On a call with reporters that day, Persichilli was asked about the CPAC case and said that the “CDC confirmed his attendance and is working with CPAC to notify all the attendees.”
A CDC spokeswoman, however, later described the agency’s role differently, saying in an email to The Post that Maryland and New Jersey were in charge of taking the lead on notifications.
CPAC organizers also issued a statement saying that Maryland state health workers had “screened thousands of employees” at the Gaylord National Resort and Convention Center, where the event took place, and reported that “not a single person has reported an unusual illness. Thus, the Dept. of Health is not restricting the movements” of resort employees.
Maryland health officials did not correct that statement for days but now say it was inaccurate.
Instead, it was actually Marriott International, which operates the Gaylord, that evaluated some employees’ health. According to two employees, that consisted mostly of a staff meeting in which the topic of possible exposure was discussed, and employees were told to report any spike in temperature.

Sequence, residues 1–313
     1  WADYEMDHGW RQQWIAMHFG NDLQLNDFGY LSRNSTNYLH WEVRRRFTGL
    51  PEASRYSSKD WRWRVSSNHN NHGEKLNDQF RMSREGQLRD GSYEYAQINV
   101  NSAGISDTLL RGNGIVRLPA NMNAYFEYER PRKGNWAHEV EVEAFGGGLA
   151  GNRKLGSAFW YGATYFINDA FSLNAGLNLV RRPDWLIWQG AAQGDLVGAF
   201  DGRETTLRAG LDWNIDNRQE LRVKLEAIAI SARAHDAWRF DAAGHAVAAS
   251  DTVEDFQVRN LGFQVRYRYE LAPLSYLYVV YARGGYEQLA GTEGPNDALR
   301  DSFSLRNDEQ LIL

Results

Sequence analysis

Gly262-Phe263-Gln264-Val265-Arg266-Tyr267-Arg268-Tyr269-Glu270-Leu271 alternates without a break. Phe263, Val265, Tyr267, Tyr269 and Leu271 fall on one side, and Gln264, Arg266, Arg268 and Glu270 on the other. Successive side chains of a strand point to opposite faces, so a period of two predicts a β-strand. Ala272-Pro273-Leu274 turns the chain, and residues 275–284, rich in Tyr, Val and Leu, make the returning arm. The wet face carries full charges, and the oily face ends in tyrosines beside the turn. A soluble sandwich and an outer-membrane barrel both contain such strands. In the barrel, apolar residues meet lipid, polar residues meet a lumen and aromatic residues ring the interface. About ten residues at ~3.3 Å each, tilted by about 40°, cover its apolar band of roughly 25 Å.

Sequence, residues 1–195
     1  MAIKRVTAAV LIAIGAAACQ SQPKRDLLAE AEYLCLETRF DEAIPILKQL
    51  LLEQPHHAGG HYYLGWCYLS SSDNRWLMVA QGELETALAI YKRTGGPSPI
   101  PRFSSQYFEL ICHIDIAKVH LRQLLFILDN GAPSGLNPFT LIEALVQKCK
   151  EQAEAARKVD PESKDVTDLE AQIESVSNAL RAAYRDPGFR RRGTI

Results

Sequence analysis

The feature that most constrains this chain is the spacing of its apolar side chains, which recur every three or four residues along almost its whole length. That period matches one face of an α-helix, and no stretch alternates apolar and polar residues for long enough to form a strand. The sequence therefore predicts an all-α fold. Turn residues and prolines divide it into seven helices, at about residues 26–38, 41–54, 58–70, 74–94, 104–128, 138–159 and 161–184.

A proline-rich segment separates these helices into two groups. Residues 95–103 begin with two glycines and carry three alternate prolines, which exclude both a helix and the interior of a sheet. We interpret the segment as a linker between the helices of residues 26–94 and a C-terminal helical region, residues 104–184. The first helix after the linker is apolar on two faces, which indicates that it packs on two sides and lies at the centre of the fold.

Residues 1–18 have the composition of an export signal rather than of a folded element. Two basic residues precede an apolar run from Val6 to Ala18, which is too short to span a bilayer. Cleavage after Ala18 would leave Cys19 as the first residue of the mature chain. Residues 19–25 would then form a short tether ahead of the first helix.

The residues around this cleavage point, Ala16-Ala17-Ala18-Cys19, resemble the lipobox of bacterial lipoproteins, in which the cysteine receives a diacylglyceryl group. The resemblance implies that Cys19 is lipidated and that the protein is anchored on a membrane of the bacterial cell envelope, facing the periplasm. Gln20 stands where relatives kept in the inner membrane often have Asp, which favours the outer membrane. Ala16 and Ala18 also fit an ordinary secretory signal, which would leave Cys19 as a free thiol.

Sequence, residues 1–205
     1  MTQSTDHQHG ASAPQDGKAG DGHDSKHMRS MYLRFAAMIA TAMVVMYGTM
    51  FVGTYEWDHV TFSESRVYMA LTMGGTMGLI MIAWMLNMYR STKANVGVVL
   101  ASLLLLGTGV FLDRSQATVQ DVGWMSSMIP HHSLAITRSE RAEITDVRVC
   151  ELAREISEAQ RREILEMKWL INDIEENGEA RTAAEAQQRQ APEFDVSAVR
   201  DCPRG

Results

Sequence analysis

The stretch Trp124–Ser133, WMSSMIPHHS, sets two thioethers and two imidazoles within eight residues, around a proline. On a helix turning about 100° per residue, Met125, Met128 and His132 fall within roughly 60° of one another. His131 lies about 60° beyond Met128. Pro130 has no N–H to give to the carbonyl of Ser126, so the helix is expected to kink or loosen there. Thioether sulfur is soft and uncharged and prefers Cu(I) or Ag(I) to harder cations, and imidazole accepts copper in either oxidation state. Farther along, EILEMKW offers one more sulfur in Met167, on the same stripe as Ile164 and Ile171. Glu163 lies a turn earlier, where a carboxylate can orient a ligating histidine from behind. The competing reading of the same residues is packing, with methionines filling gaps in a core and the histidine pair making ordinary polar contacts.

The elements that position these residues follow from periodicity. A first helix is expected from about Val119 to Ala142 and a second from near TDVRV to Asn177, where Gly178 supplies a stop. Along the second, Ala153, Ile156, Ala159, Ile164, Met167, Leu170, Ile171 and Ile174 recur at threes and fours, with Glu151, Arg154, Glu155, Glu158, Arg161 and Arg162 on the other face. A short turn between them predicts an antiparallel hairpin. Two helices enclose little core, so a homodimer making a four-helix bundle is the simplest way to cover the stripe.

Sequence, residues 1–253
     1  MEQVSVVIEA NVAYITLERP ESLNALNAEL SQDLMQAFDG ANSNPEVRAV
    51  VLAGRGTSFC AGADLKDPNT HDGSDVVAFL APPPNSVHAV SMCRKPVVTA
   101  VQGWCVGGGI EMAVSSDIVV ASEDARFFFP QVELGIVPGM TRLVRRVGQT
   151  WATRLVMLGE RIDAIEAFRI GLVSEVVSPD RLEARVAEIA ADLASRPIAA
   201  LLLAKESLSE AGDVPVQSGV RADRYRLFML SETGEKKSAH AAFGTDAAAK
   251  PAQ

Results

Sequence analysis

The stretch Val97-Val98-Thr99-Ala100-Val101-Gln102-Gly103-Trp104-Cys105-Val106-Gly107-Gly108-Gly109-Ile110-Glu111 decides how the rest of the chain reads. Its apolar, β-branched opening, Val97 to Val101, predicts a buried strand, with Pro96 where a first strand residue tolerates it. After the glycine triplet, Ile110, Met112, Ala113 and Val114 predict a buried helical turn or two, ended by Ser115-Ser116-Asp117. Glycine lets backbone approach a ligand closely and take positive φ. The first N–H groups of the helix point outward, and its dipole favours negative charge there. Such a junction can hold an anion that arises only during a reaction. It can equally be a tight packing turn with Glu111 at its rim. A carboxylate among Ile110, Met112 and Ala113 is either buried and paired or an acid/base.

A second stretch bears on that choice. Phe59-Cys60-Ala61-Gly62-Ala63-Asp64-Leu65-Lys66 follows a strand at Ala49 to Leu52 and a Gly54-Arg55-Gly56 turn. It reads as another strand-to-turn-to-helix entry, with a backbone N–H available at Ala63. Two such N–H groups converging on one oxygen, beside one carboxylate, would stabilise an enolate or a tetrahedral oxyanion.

Marriott spokeswoman Allison Sitch did not respond to requests for comment. CNBC reported last week that Sitch wrote in an email that the hotel performed enhanced cleaning after learning of the infected attendee. But the network quoted Sitch saying the screenings attributed to state health officials did not occur. “It is my understanding that no screens of either people or facilities has been performed at the property,” she wrote. County health officials also told The Post they had not conducted such screenings.
Like I 'licked his toilet seat'
The lack of a more thorough and transparent tracing process led attendees to begin sleuthing for whether they had been exposed to the infected attendee.
Kassam, the former Brietbart editor, had been home for days following CPAC and struggling with flu-like symptoms when he heard a fellow attendee had tested positive. He soon realized he had greeted Gosar and talked on a panel with him shortly after the lawmaker had interacted with the infected attendee.